But the bottom line is the need to defeat McCaskill. While recent polling shows all three candidates defeating McCaskill, Akin does so by the smallest margin. But what concerns me the most is how Democrats are actively promoting Akin for the nomination. The McCaskill campaign and Majority Leader Harry Reid’s Majority PAC have devoted thousands of dollars in televised ads trashing both Steelman and Brunner. Their “attack” ads against Akin, on the other hand, use buzzwords designed to appeal to Republican voters, phrases like “crusader” (a positive portrayal to everyone except Muslim fundamentalists), “pro-family” (genuine Democrat attacks ads use the term “anti-choice”) and “Missouri’s true conservative.” The normally loquacious McCaskill has “no comment” when asked about the ads. The St. Louis Post-Dispatch, which has abandoned any pretense of being anything but a PR arm of the Democratic Party, endorsed Akin in the primary, even while admitting it disagrees with him on virtually everything, taking the opportunity to trash the others. The professional pols clearly believe Akin is McCaskill’s best shot at re-election.

Retired businessman John Brunner originally seemed to be best suited to appeal to a public that is sick and tired of politicians. But his dishonest slash-and-burn televised attacks on Akin and Steelman make him look like the worst of the political class. He makes a positive impression in his positive ads, but in the uncontrolled setting of a debate, he’s not ready for prime time. His pledge to cut spending rings hollow when he can’t name a single specific program he would cut. While he leads McCaskill by the largest margin in current polling, that advantage would likely evaporate when his lack of substance becomes more apparent to voters (with the help of McCaskill’s multi-million-dollar machine). Brunner is too big a risk.

On balance, Sarah Steelman is Republicans’ best choice.

McCaskill rated Missouri’s most liberal in Congress

The Unablogger

The Unablogger

A new, objective legislative scorecard by Heritage Action for America exposes Sen. Claire McCaskill’s (D-MO) campaign to posture herself as a “moderate” to be nothing but a big lie.

The scorecard, which rates members of both houses of Congress on degrees of conservatism, rates McCaskill with a dismal 5% score, the lowest of all 11 members of Missouri’s congressional delegation. That’s worse (i.e., more liberal) than Missouri’s urban Democrats in the House, Reps. Russ Carnahan (7%), William Lacy Clay (10%) and Emanuel Cleaver, II (14%). Metro East Rep. Jerry Costello (D-IL) was rated at 18%.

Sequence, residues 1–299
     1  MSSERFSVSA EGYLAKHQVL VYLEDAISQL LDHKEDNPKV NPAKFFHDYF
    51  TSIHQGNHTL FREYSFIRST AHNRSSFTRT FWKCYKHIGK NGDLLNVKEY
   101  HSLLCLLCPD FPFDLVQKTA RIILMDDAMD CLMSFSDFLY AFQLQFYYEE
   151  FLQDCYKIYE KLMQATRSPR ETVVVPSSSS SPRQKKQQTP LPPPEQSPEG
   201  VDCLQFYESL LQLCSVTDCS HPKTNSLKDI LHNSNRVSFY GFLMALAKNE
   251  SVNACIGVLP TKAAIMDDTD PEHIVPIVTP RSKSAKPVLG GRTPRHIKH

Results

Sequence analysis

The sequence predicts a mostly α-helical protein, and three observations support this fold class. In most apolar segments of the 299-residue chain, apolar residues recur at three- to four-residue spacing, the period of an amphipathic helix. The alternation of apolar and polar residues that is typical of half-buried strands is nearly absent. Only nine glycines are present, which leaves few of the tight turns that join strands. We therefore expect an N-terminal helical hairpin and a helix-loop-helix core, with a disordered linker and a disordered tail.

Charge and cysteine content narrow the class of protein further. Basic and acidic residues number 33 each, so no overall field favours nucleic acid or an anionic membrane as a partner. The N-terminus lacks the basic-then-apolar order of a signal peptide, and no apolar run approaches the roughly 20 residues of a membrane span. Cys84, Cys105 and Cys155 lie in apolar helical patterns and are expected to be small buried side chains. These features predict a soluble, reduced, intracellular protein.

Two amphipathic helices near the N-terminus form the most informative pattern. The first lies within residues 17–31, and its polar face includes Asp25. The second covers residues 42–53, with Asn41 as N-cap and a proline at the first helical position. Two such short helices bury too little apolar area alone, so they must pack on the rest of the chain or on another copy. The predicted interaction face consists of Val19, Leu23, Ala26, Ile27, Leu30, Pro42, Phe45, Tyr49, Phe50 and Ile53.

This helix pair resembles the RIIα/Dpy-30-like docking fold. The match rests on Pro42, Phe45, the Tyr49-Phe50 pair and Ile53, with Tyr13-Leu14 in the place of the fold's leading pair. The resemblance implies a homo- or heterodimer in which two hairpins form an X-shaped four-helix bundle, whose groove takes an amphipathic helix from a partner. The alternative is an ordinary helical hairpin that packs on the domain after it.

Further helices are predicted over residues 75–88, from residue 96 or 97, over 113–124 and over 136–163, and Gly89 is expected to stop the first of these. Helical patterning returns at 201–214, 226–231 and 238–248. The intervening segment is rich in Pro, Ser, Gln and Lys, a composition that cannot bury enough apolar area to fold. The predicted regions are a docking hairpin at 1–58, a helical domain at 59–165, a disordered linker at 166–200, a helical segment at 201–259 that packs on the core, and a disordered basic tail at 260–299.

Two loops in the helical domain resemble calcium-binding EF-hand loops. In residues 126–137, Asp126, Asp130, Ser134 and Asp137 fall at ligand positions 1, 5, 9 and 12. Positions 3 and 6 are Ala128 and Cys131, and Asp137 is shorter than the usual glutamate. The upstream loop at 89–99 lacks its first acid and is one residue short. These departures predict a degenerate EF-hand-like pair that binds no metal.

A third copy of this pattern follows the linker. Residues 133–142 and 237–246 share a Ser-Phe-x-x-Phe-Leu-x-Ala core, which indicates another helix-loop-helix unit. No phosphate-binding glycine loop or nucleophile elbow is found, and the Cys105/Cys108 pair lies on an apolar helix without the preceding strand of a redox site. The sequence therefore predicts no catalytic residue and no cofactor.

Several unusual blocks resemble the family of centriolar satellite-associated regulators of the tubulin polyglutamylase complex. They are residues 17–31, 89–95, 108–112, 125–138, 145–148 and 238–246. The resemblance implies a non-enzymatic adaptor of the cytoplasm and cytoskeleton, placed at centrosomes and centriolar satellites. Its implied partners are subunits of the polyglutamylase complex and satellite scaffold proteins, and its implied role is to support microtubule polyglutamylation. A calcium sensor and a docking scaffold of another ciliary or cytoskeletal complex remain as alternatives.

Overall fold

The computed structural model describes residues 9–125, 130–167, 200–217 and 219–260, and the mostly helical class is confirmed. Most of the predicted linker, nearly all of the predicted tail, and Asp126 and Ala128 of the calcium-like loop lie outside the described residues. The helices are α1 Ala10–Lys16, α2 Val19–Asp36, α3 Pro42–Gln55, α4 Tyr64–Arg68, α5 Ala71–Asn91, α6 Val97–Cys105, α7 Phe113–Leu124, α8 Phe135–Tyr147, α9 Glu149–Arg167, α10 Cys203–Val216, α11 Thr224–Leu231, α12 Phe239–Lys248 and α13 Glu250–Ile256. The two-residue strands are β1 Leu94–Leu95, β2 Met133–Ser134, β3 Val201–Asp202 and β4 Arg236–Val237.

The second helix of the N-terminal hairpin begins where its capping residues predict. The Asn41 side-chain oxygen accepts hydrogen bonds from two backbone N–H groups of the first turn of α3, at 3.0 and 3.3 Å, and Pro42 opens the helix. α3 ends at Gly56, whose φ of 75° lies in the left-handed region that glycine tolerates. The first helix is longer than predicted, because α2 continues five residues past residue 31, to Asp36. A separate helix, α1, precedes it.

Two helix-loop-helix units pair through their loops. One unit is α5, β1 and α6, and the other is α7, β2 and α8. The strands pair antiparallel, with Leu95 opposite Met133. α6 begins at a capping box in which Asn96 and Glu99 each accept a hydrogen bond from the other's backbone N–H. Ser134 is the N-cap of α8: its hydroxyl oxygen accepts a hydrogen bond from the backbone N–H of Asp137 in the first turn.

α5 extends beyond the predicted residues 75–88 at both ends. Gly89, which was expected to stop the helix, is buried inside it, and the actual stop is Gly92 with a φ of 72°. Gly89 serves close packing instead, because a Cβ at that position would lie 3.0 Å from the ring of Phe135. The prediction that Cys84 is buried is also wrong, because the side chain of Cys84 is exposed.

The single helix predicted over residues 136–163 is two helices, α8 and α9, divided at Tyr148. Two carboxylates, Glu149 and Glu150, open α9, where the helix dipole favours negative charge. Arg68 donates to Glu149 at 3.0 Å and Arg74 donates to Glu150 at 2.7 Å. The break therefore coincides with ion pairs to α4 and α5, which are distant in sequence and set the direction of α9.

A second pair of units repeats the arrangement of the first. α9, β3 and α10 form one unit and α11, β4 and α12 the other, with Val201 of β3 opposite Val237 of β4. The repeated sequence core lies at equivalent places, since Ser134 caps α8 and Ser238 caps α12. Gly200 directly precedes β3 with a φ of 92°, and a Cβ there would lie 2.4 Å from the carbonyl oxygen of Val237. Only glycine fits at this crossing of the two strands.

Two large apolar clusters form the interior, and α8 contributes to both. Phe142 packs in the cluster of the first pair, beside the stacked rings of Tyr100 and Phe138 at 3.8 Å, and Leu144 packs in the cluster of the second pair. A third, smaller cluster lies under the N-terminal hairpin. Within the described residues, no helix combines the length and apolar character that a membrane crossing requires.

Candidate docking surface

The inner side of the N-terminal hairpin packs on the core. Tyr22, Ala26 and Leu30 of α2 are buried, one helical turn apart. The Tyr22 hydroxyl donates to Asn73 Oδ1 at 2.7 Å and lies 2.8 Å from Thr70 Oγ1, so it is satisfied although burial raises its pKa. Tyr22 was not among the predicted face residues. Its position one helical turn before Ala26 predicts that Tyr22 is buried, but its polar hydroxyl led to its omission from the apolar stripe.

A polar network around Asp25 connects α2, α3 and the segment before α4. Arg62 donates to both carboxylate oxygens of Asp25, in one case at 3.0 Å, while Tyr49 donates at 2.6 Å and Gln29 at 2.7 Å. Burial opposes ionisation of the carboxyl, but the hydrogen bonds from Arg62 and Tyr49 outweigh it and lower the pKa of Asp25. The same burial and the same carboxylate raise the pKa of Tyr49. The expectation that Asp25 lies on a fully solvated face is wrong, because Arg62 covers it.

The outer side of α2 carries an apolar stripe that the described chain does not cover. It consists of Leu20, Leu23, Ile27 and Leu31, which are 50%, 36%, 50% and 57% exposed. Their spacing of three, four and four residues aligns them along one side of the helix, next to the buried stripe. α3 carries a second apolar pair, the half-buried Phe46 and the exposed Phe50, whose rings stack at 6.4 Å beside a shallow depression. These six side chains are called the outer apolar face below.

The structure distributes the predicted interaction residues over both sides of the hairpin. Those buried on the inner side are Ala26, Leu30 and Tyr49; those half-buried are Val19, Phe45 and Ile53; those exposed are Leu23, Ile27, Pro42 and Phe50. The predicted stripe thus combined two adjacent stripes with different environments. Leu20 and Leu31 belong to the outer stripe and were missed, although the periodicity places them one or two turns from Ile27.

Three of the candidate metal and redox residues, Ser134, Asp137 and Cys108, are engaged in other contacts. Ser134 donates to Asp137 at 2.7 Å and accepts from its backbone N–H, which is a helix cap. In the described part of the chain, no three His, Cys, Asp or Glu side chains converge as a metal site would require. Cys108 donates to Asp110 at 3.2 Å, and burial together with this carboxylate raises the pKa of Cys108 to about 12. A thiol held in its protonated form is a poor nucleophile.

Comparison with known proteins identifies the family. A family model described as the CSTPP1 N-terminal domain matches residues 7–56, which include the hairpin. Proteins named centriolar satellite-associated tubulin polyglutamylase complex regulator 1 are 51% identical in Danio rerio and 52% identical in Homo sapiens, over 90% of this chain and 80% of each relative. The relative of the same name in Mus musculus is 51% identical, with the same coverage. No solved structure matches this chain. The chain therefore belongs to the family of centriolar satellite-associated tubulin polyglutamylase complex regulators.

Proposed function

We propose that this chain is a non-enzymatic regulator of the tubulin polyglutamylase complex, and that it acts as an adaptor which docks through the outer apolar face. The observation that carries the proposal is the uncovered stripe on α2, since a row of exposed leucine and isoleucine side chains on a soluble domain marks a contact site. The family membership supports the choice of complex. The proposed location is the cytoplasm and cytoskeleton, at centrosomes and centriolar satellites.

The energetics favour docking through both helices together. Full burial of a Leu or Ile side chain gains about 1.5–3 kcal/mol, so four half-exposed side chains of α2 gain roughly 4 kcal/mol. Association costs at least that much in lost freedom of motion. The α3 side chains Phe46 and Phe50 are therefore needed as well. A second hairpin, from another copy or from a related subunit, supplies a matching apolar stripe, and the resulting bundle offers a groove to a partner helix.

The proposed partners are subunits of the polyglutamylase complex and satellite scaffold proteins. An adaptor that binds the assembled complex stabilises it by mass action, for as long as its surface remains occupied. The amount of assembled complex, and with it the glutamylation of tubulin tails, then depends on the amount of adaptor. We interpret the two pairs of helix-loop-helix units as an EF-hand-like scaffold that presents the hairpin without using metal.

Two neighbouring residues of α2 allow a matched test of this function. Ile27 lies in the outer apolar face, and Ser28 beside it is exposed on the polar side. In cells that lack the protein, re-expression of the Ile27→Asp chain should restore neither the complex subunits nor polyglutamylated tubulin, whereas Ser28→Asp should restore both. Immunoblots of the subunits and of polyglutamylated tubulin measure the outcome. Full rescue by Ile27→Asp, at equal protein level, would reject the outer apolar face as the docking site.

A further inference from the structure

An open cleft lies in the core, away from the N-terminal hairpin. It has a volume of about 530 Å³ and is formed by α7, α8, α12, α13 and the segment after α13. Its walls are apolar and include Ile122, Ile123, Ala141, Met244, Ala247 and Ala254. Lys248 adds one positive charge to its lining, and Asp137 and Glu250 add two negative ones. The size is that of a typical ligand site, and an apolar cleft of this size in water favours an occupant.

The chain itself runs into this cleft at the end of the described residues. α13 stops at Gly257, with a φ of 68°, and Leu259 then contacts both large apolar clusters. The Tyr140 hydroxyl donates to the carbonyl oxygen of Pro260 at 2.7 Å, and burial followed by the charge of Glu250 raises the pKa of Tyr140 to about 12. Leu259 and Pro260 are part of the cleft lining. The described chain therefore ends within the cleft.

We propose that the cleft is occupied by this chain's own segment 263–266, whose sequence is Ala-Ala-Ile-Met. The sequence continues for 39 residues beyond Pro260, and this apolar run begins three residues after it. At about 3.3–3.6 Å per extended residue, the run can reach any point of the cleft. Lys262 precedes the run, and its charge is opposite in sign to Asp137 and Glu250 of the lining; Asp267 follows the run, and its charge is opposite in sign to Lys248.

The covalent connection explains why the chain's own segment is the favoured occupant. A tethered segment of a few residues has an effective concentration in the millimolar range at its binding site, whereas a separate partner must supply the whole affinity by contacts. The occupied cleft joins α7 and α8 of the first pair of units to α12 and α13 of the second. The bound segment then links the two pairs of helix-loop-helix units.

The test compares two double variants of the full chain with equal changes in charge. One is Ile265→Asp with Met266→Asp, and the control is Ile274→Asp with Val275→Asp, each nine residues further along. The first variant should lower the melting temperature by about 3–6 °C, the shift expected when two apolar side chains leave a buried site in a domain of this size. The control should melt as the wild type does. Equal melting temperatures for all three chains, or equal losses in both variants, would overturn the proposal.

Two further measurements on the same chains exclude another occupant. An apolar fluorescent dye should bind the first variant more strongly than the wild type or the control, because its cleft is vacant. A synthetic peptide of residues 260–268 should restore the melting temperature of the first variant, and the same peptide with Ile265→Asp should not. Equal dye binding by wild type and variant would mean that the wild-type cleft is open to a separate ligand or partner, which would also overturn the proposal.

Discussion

While Democrats can be expected to score poorly on a test that measures conservatism, the apples-to-apples comparison of members of the same party is still quite illuminating.

It’s not just that McCaskill stands out in a conservative state. She rates worse than many of the best known congressional liberals. Heritage Action rated avowed socialist Sen. Bernard Sanders (I-VT) at 10%, former House speaker Nancy Pelosi (D-CA) at 15% and former presidential candidate Rep. Dennis Kucinich (D-OH) at 20%. Other nationally known liberals rated more conservative than McCaskill included Reps. Barney Frank (D-MA, 16%), Barbara Lee (D-CA, 16%), Maxine Waters (D-CA, 12%), Jesse Jackson, Jr. (D-IL, 11%), John Conyers (D-MI, 11%), Charles Rangel (D-NY, 11%) and Sheila Jackson-Lee (D-TX, 10%).

In pointed contrast, Heritage Action rated Rep. Todd Akin (R-MO), who is seeking the Republican nomination to oppose McCaskill for re-election, at 81%. (Senatorial candidate Sarah Steelman was not rated because she is not currently serving in either house of Congress.) McCaskill’s senate colleague, Republican Roy Blunt, scored 72%.

The highest rating went to Sen. Jim DeMint (R-SC) at 99%. The ratings for Republicans in Congress who are currently seeking the presidency are 94% for Rep. Michele Bachmann (R-MN), 76% for Rep. Ron Paul (R-TX), and 68% for Rep. Thaddeus McCotter (R-MI).

The Heritage Action scorecard measures voting records on all three facets of conservatism – fiscal, social and national defense. Red State blogger Daniel Horowitz notes that it is “more than just a measure of someone’s personal belief in conservatism; it is a measure of how much temerity a member has to implement his/her beliefs, even if it elicits consternation from their own leadership.” Horowitz also points out that senators, such as McCaskill, should be held to a higher standard than house members, because the Senate is more decentralized, making it easier for an individual member to oppose leadership.

McCaskill, in both formal votes and intangible acts of leadership, has toed the party line, contrary to the interests of her Missouri constituents.

DREAM Act to pit McCaskill vs. McCaskill

The Unablogger

The Unablogger